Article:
Derek Smith, the Washington Bullets assistant coach who died of
a heart attack on Aug. 9, was 16 when he arrived at the
University of Louisville in the fall of 1978. One of six
children of Mae Bell Smith Morgan of Hogansville, Ga., he was as
raw a freshman as you'll ever see. "When I came to college, I
wasn't worried so much about basketball," Smith would later say.
"What worried me was whether I was smart enough to compete with
the city kids and get a degree. What worried me was how I
dressed and how I talked."
After first seeing himself interviewed on TV--"You couldn't
understand what I was saying," Smith would recall--he went to
Tony Branch, an older teammate, and asked for advice. Branch
told Smith to talk more slowly, to think about what he was
saying, to stop uttering "you know" in the middle of every
sentence. At the risk of exposing himself to further
humiliation, Smith became a communications major. By his senior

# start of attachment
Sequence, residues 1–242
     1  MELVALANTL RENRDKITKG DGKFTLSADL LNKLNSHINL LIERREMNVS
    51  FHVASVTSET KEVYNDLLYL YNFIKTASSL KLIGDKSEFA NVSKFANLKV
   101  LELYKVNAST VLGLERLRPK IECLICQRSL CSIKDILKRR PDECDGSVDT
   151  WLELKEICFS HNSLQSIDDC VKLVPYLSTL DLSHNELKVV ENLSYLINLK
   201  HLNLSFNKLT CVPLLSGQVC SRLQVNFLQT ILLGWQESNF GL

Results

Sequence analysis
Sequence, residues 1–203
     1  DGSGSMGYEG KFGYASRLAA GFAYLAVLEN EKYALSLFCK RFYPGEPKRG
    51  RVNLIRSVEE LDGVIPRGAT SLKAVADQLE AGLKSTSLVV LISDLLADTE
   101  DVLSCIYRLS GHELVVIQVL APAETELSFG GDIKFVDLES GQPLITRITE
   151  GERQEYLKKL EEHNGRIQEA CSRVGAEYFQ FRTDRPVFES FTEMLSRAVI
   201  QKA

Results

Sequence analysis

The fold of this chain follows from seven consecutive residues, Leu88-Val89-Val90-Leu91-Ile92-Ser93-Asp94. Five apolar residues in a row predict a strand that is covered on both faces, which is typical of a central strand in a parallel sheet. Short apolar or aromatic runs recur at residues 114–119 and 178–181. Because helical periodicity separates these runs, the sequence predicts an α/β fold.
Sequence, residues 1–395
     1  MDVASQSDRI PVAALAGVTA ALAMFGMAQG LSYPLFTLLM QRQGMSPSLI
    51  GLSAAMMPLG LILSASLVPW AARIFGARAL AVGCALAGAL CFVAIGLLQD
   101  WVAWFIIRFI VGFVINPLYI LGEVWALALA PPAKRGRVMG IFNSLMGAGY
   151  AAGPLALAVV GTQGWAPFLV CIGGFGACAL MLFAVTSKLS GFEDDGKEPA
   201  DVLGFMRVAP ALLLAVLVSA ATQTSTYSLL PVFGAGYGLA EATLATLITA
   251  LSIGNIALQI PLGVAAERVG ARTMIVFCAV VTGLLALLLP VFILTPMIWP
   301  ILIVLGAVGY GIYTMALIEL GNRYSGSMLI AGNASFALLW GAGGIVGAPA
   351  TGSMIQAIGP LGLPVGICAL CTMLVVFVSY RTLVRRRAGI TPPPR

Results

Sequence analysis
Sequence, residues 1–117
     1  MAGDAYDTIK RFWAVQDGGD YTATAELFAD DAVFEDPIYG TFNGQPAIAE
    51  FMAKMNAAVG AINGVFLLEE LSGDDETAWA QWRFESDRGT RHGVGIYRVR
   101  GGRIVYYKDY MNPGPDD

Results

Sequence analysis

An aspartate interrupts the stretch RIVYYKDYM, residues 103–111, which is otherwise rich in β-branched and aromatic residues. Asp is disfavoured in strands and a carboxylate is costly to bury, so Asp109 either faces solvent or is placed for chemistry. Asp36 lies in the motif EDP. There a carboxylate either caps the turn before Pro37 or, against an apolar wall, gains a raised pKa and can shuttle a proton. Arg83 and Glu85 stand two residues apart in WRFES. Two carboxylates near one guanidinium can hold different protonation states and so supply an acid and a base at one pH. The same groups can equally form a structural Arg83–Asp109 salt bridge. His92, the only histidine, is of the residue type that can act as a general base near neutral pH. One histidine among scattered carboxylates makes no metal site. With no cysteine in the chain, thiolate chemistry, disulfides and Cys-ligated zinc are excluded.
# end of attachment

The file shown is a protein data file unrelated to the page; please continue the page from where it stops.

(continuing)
year he had made such strides that he gave the commencement
speech at a middle school.
He never had trouble expressing himself on the floor. A 6'6"
swingman, Smith was an essential member of the 1979-80 team that
won Louisville's first NCAA title. Although Smith finished as
the second-leading scorer in Cardinals history, he was
considered an iffy NBA prospect, an evaluation that seemed
accurate when Golden State cut him after his rookie season. But
then San Diego Clippers coach Jimmy Lynam gave him a tryout.
Smith made the cut; in his third season he averaged 22.1 points
per game. In August '86 he became the first NBA guard to sign a
$1 million contract.
After knee injuries forced Smith to retire in '90, he returned
to Louisville for his degree and wore his uniform under his gown
when he graduated in '92. It was no surprise that after Lynam,
then with the Bullets, hired Smith in July '94, he became a
August 25, 1996
Smith, 34, embraced life with joy and optimism, a spirit that
was snuffed out when he collapsed while on a cruise with his
family; his heart attack was triggered by antiseasickness
medication. Among those in attendance at his Aug. 15 funeral
were Charles Barkley, Rex Chapman, John Starks, most of the
Bullets and his Louisville teammates.
"Our hearts are laden with sadness," said his 10-year-old
daughter, Sydney. "But only for a time. We know where to find
you, and we'll meet you there." Then the little girl in the
crisp white dress left the pulpit, having shown the amazing
grace and the eloquence that would have made her father's heart
swell with pride.
--William F. Reed